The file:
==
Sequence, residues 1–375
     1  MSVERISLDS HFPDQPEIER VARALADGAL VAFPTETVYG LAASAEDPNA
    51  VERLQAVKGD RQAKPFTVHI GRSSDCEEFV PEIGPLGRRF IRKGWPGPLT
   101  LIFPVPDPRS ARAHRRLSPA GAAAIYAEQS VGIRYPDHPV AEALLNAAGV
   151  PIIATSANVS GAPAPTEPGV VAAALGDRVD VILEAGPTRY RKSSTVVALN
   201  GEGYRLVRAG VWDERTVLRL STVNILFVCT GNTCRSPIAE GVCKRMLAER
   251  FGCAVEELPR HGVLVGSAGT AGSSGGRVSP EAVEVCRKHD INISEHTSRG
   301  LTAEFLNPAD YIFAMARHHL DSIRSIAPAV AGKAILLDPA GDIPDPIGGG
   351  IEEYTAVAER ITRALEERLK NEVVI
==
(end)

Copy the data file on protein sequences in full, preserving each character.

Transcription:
Sequence, residues 1–375
     1  MSVERISLDS HFPDQPEIER VARALADGAL VAFPTETVYG LAASAEDPNA
    51  VERLQAVKGD RQAKPFTVHI GRSSDCEEFV PEIGPLGRRF IRKGWPGPLT
   101  LIFPVPDPRS ARAHRRLSPA GAAAIYAEQS VGIRYPDHPV AEALLNAAGV
   151  PIIATSANVS GAPAPTEPGV VAAALGDRVD VILEAGPTRY RKSSTVVALN
   201  GEGYRLVRAG VWDERTVLRL STVNILFVCT GNTCRSPIAE GVCKRMLAER
   251  FGCAVEELPR HGVLVGSAGT AGSSGGRVSP EAVEVCRKHD INISEHTSRG
   301  LTAEFLNPAD YIFAMARHHL DSIRSIAPAV AGKAILLDPA GDIPDPIGGG
   351  IEEYTAVAER ITRALEERLK NEVVI